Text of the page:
Oxford Martin School study provides first evidence of the impact of taxi app on jobs and wages
A new working paper from the Oxford Martin School at the University of Oxford provides the first evidence of the impact of the ‘sharing economy’ phenomenon on jobs and wages in the most exposed industry: taxi services.
Looking at the impact of Uber’s rollout across U.S. cities, authors Carl Benedikt Frey, Thor Berger and Chinchih Chen found that while the introduction of the platform had not led to jobs being lost, it had caused a reduction in the income of salaried drivers.
They found that on average the number of self-employed taxi drivers in a city went up by almost 50 per cent after Uber was introduced, driving wages down by an average of 10 per cent among salaried drivers, compared to cities where Uber remained absent.
The study, Drivers of Disruption? Estimating the Uber Effect, studied the impact of Uber on taxi drivers over the period 2009 to 2015, using data on the rollout of Uber across cities and from the American Community Survey (ACS), the leading source of information on the U.S. workforce.
Dr Frey, Oxford Martin Citi Fellow and Co-Director of the Oxford Martin Programme on Technology and Employment, said the data provided the first hard evidence of the impact of the ‘sharing economy’ on jobs.
“Uber is the flagship of the sharing economy,” he said. “But what our study shows is that even in one of the sharing economy’s most exposed industries, traditional jobs have not been displaced.
“While some have seen a loss in income, Uber has created more jobs than it has destroyed, demonstrated by the staggering expansion of self-employment following its introduction.”
The study found that:
• After the introduction of Uber, self-employment in taxi services rose by 50%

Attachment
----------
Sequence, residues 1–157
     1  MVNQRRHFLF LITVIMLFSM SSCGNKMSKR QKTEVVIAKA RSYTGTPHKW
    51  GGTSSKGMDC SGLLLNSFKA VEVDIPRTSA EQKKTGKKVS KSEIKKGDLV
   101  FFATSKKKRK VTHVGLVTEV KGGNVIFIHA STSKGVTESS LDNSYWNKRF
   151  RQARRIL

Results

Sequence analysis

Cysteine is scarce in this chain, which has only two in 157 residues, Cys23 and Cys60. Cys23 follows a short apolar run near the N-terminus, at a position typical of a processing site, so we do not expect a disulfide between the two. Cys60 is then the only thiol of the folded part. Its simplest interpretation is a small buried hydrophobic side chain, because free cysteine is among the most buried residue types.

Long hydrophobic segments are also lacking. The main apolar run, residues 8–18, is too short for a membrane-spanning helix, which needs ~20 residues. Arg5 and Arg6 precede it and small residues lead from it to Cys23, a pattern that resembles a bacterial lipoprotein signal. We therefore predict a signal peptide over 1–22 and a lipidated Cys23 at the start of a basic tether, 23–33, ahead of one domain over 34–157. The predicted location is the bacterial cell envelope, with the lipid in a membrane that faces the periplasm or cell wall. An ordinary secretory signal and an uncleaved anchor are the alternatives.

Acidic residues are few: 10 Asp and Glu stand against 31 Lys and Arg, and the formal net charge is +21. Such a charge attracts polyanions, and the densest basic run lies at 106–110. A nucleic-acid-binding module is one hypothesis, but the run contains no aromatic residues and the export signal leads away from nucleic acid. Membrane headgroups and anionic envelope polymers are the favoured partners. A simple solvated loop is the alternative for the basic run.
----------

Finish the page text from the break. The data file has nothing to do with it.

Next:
• The number of hours worked increased among both salaried and self-employed taxi drivers
• Even traditional taxi services experienced growing employment after the introduction of Uber
• Salaried drivers saw their incomes decline by 10% following the introduction of Uber
• Uber drivers typically earn more per hour than their counterparts
• In wider economic terms, part of the decline in incomes among drivers in traditional taxi services was offset by an expansion of business income among self-employed drivers
Dr Frey continued: “The spread of Uber has increased competition in taxi services, contributing to lower overall incomes for taxi drivers, and a redistribution of income from payroll taxi services to self-employed drivers.
“The higher hourly earnings among self-employed drivers suggest that capacity utilization, in terms of the time spent in the car with a passenger, has increased with Uber, as its platform allows for better matching between drivers and passengers. But for traditional taxi drivers the effect has been the opposite, with a decline in the amount of time they have a passenger in their vehicle.”
Dr Frey said that while the findings could not be generalised across other countries, they raise questions about efforts being made – in parts of Europe and elsewhere – to ban or restrict the adoption of Uber. “Further research is required to guide policy making surrounding Uber and the sharing economy,” he concluded.
The working paper, Drivers of Disruption? Estimating the Uber Effect, is available at http://www.oxfordmartin.ox.ac.uk/downloads/academic/Uber_Drivers_of_Disruption.pdf
Dr Carl Benedikt Frey is Oxford Martin Citi Fellow and Co-Director of the Oxford Martin Programme on Technology and Employment at the Oxford Martin School, University of Oxford.
Dr Chinchih Chen is Oxford Martin Fellow at the Oxford Martin Programme on Technology and Employment at the Oxford Martin School, University of Oxford.
Dr Thor Berger is Associate Fellow in the Oxford Martin Programme on Technology and Employment and PhD candidate at the Department of Economic History, Lund University.
Carl Benedikt Frey, Oxford Martin Citi Fellow
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